Before you laugh that question off – which, really, that’s kind of mean – consider how productive the under-the-radar Nashville Predators forward is during the postseason.

    In 33 career playoff games, Wilson had 11 goals and nine assists for 20 points. He’s now at 12 goals and 21 points in 34 games after the first period of Game 1, and there is time to add to those totals.

    That’s already pretty solid, but consider his regular season: 12 goals and 35 points in 70 games. He’s only scored 20 goals once in his career.

    Yet … for whatever reason, when the games get bigger, the 27-year-old has developed a knack for scoring at a much higher clip. In the case of Game 1 against the Blues – his first game of this postseason thanks to injuries – he deflected P.K. Subban‘s booming shot for the 1-0 goal. Watch it above.

    And wonder: is it hasty to consider him clutch?

    Video: Erik Karlsson gets Jeremy Roenick’s seal of approval

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    Jeremy Roenick is so impressed by Erik Karlsson, he almost likes him as much as Ottawa Senators GM Pierre Dorion does.

    As a reminder, Dorion … didn’t exactly go the humble route in his praise of the all-world defenseman. When speaking of Karlsson’s play through ridiculous injuries, he provided quite the quote, as the Ottawa Citizen reports.

    “Was I surprised? A bit,” Dorion said. “What do you say? I’ll probably get in trouble for saying this but, you believe in whatever you believe in, and they always say God rested on the seventh day, I think on the eighth day he created Erik Karlsson.”

    Surely Karlsson’s critics will love this.

    Anyway, Roenick and Keith Jones had some fun with such comments, as you can see in the video above.

    For more genius Swedish fun, enjoy the Henrik Lundqvist video above. That’s a bonus, folks.

    Babcock, McLellan and Tortorella are 2017’s Jack Adams finalists

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    The NHL Broadcasters’ Association named the three finalists for the 2017 Jack Adams Award on Wednesday: Mike Babcock, John Tortorella and Todd McLellan.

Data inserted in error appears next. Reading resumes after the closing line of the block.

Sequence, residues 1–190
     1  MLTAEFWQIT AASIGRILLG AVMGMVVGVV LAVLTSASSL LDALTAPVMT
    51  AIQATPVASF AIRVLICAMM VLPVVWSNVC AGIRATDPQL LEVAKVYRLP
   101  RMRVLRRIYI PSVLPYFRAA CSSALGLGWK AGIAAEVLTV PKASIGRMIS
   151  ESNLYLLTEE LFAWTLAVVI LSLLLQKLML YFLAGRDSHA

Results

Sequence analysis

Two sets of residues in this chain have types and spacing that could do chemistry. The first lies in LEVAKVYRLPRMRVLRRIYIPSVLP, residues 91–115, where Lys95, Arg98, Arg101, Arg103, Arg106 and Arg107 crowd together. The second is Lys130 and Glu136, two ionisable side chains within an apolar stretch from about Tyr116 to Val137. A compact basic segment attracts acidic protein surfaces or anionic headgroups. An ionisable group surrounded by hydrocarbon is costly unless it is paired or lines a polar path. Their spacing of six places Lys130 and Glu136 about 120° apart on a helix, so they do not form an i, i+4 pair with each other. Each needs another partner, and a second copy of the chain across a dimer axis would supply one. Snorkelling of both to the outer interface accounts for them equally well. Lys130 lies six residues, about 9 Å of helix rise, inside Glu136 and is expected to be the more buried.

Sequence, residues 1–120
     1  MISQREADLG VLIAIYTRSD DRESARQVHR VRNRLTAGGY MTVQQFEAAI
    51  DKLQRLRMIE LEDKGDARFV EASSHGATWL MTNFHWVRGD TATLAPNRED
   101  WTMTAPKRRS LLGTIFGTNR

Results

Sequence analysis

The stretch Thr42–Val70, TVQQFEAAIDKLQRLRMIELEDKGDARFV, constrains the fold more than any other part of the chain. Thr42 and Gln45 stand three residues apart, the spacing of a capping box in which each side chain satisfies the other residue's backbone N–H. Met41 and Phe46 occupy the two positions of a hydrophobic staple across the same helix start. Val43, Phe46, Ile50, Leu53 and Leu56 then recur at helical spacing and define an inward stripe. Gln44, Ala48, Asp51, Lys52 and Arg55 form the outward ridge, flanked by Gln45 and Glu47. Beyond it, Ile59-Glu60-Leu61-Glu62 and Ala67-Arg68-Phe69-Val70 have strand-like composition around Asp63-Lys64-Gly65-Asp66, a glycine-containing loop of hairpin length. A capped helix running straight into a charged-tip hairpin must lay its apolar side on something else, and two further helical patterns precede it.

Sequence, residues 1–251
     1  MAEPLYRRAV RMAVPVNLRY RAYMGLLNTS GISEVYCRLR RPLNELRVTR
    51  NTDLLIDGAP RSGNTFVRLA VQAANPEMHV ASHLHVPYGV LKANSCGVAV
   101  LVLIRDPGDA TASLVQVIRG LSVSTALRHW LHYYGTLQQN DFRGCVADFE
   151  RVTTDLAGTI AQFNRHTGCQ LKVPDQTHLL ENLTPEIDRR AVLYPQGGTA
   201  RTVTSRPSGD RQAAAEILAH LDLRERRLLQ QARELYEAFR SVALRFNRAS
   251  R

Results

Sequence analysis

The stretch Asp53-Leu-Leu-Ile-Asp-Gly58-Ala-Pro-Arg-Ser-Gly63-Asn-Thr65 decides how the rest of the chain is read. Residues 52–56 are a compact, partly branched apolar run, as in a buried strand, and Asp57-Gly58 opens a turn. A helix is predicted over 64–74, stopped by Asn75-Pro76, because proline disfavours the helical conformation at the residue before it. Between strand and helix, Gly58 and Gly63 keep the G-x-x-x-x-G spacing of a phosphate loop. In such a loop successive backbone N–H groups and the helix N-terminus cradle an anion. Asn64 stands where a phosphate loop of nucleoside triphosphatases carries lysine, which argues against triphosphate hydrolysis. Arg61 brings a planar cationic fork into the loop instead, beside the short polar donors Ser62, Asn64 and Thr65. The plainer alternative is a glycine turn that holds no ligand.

The Jack Adams is given to the head coach who “contributed the most to his team’s success.”

    It might tickle some to realize that Babcock and McLellan once coached together on the Detroit Red Wings’ staff. All three coaches share the distinction of bringing teams to the playoffs who failed to make the postseason in (at least) the previous season.

    The Maple Leafs missed from 2013-14 to 2015-16. Columbus failed in its previous two seasons. And, of course, the Oilers hadn’t seen the playoffs since falling in Game 7 of the 2006 Stanley Cup Final.

    One could make an argument for each coach in a number of ways.

    Babcock molded a Maple Leafs team topped by young players, showing a refreshing willingness to take the good with the bad (especially for a guy who’s known for his scowl). McLellan broke that Oilers slump, gradually finding a lineup that could be “more than just Connor McDavid.” The Blue Jackets were expected to be one of the worst teams in the NHL to the point that they’d get Torts fired; instead, they boasted a power play that baffled opponents for much of the season and Tortorella enacted some (gasp) progressive ideas to help Columbus compete.

    Now, you could critique all three in different ways – barely making the playoffs, riding hot goaltending, deploying Connor McDavid – but that’s part of the fun, right? There are certainly some cases to be made for snubs (Bruce Boudreau, perhaps even Joel Quenneville?), yet this trio of finalists is strong nonetheless.

    The NHL has a more traditional rundown of each coach’s credentials, by the way.